What are shaping up to be the biggest business issues in 2017? We posted this question to Workday executives, customers, and partners, and then checked in on what leading industry analysts and researchers are predicting for the coming year. With U.S. unemployment at a nine-year low of 4.6 percent on the one hand, and on the other, political discord and uncertainty on a scale most people have never seen, 2017 is going to be one of the most interesting years in decades.
Overall, we heard a very common theme—change is the new constant. “2016 was a year of political, social, and economic disruptions,” says Neil Shastri, leader of global insights & innovation at Aon. “Economic slowing in China, Brexit, and a surprising U.S. election will all have lasting impact on the business environment in the years to come. The pace at which organizations are being hit by changes is accelerating as a result of all of these global disruptions.”
While there’s plenty to think about in the coming year, we found that most predictions pointed to several forces impacting finance, human resources, and IT: Legislative change, taking action on data and analytics, resiliency planning, and keeping up with the changing workforce. In part one of this two-part blog series, we’ll look at the first three and what they mean for CFOs and CIOs in 2017.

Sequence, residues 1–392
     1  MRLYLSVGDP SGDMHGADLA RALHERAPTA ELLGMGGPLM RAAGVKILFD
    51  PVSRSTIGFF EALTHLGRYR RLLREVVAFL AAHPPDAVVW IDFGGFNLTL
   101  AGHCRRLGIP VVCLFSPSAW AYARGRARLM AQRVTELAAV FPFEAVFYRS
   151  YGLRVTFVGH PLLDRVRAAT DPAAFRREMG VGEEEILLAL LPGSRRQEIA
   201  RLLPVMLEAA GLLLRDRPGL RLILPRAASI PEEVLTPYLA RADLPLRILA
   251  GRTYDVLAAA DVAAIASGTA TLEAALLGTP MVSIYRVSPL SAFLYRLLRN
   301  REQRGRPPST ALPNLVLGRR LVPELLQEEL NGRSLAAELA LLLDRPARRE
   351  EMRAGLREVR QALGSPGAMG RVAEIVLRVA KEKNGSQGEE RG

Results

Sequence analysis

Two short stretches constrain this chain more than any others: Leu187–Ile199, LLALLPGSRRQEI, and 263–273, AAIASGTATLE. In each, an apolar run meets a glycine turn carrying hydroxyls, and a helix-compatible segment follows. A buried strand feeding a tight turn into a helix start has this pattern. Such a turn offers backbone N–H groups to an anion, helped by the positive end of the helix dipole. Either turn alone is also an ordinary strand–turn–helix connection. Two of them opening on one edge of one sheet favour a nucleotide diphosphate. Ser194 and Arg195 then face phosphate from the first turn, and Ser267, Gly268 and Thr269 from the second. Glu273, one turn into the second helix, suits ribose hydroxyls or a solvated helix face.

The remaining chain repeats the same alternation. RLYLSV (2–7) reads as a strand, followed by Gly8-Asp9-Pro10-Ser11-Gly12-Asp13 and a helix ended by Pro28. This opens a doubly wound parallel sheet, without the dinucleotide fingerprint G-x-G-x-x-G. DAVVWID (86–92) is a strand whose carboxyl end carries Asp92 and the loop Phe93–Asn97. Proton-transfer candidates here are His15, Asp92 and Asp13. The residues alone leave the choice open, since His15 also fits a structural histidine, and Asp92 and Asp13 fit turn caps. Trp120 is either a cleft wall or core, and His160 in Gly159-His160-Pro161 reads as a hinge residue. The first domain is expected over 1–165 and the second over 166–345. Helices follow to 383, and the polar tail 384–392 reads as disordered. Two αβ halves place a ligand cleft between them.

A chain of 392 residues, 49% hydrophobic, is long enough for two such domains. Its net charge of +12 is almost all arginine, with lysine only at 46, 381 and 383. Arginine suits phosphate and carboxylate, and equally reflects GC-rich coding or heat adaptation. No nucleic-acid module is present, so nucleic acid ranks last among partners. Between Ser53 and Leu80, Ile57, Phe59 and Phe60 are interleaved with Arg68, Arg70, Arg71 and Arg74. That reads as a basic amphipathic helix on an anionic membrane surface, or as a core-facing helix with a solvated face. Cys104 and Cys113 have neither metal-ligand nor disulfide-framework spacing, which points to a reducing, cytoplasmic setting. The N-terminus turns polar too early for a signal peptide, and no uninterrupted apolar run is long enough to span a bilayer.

The legislative and regulatory environment is a top issue for organizations heading into 2017, with particular focus in the U.S. on the Affordable Care Act (ACA) and upcoming global revenue recognition changes.
While all U.S. businesses are impacted by the uncertainty around ACA with a new administration coming in, the healthcare and insurance industries in particular are watching what happens next. “The election just happened so it’s hard to predict much until we know what will happen with the Affordable Care Act, but the result will probably have a significant impact on healthcare,” says Louis Salamone, CFO at CityMD, which operates 68 urgent care clinics in the U.S.
“Regardless, there’s going to be continued pressure on the rates insurers are willing to pay,” Salamone says. “At the end of the day, healthcare providers are going to be reimbursed for the value they create in their segment.”
“2017 will be the year companies commit significant resources and time to prepare for new revenue recognition standards.”—Betsy Bland
Across all industries, U.S.-based public companies will see big changes coming to revenue recognition standards in January 2018, notes Betsy Bland, vice president of financial management products at Workday. “Corporate finance teams are feeling the pressure to get ready,” says Bland.